The Financial Times and The Daily Telegraph are the only two UK national papers to have remained in a broadsheet format.
With FT readership in decline (down 28% in the UK between April 2005 and March 2006), the Telegraph will be keen to avoid any dent to its dominant position in the quality daily space as the market moves towards favouring smaller papers.
Murdoch McLennan, chief executive of the Telegraph Media Group denied the report, saying "The Telegraph definitely has no plans to go tabloid at this time".
But if it did go ahead - perhaps as part of the Telegraph's move from it's shiny Canary Wharf to it's even shinier new location near London Victoria Station - what would it look like?
Does it sound crazy to publish two formats of the same paper? The Independent tried it for a while when they first launched their compact edition in London before rolling it out UK-wide. The Times also offered both formats for a limited period - but spent a lot of time pruning and reshaping the stories and pictures to fit the different sizes. And that's on top of publishing the stories on the papers' websites too.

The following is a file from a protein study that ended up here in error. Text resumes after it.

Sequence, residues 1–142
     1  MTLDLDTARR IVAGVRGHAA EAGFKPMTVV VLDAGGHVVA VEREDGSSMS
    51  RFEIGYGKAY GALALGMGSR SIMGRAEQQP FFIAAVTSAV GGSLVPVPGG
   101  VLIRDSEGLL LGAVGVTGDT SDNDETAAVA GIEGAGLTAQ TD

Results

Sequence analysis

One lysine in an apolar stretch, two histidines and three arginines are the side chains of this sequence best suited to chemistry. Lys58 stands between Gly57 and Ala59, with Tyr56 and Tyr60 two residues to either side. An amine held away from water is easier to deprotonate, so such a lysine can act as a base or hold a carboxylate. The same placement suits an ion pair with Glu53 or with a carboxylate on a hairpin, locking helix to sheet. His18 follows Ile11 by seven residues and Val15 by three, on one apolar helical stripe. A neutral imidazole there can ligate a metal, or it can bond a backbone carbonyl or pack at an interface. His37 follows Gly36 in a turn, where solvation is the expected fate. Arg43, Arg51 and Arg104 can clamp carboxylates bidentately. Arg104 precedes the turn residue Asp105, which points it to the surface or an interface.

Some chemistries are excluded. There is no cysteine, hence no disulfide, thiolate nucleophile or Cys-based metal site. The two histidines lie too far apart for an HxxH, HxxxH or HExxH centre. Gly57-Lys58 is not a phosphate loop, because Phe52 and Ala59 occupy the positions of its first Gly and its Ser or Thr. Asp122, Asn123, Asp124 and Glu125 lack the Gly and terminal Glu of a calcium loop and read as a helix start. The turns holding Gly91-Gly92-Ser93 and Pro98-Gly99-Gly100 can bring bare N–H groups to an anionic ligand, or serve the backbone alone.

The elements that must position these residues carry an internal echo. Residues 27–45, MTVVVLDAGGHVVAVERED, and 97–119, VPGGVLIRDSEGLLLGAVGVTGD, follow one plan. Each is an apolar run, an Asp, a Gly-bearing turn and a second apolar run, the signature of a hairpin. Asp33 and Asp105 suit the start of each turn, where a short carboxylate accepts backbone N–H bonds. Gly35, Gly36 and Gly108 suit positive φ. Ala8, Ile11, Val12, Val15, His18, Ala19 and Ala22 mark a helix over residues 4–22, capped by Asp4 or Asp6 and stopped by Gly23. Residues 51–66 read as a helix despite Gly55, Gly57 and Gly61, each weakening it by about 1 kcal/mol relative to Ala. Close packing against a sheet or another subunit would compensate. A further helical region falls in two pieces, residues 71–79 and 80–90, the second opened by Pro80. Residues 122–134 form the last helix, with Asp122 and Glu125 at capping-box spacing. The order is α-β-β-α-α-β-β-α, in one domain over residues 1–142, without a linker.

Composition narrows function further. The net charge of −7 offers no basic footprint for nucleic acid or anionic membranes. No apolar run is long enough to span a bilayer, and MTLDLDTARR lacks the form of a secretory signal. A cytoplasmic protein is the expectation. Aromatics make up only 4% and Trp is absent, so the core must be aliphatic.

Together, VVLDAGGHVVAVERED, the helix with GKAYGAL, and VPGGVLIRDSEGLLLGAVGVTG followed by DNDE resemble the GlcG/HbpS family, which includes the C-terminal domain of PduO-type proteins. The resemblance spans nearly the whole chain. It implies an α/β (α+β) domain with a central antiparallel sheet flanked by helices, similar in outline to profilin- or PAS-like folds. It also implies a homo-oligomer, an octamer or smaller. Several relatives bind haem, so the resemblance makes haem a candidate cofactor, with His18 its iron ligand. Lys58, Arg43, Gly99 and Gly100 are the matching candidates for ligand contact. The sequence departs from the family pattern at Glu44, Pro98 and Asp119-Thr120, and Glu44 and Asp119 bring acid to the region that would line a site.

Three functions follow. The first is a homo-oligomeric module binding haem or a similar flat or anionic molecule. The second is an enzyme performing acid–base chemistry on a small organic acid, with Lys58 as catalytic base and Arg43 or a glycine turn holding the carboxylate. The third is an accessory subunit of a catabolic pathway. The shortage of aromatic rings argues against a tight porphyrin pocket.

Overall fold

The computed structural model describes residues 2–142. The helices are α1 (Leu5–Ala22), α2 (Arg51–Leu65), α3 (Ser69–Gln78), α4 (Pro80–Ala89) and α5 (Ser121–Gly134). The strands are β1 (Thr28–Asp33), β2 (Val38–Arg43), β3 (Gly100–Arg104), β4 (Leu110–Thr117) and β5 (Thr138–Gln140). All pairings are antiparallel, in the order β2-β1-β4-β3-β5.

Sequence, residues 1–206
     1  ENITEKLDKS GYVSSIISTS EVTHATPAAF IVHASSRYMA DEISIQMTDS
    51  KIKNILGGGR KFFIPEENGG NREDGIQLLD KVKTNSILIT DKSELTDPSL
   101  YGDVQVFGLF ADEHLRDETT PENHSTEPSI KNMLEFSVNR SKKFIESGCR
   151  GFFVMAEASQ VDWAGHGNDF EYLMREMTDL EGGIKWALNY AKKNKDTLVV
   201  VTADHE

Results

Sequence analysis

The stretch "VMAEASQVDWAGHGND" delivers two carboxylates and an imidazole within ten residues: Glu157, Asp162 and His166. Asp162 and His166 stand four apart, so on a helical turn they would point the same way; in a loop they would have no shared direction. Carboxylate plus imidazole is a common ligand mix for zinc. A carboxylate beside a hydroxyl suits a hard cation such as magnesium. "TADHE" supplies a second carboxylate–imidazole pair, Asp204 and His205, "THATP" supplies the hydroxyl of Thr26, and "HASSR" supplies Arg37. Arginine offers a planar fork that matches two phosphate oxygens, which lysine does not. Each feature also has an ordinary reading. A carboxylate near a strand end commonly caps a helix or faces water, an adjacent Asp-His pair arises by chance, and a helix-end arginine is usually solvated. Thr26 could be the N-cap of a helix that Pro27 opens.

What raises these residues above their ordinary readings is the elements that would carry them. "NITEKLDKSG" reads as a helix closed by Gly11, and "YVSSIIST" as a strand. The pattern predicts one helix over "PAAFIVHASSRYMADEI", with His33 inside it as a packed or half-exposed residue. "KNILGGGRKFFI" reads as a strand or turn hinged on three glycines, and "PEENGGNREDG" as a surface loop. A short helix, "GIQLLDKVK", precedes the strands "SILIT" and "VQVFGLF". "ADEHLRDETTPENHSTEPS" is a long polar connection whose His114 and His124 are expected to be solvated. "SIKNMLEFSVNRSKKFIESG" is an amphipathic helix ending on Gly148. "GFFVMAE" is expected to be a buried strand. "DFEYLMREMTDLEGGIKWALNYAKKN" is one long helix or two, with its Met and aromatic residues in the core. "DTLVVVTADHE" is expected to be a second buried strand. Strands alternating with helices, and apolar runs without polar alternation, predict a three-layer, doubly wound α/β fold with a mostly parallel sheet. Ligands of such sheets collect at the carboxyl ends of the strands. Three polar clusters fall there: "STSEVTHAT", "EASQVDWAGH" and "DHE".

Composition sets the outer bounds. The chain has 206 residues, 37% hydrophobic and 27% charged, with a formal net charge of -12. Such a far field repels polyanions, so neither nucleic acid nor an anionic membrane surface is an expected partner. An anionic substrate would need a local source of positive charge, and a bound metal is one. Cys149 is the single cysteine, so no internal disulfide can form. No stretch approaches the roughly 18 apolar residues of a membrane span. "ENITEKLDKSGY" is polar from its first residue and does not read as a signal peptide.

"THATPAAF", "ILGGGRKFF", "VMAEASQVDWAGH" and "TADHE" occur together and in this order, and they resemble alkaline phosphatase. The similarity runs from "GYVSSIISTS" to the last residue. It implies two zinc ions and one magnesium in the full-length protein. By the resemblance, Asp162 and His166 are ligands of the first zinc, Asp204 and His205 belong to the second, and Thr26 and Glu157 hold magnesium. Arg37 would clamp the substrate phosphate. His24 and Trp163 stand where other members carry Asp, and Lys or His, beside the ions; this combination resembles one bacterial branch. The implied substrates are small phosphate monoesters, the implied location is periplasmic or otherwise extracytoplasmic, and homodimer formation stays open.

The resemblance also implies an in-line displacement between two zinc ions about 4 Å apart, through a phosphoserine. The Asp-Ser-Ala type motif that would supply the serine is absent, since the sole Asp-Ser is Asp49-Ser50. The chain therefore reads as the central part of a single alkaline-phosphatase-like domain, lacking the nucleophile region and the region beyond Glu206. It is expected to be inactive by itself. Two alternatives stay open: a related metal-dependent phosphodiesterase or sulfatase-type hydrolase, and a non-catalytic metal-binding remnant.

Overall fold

So it's not terribly viable in the long term to dual-version an entire newspaper. However, the model of offering a lite version of a quality paper with cut down content is successful in parts of continental Europe - particularly Germany.
Latest readership figures from the NRS (in millions):
The Sun - 8.14, Daily Mail - 5.32, Daily Telegraph - 2.16,
Daily Express - 1.98, The Times - 1.81, Daily Star - 1.78,
Guardian - 1.22, Independent - 0.71, Financial Times - 0.39,
Racing Post - 0.25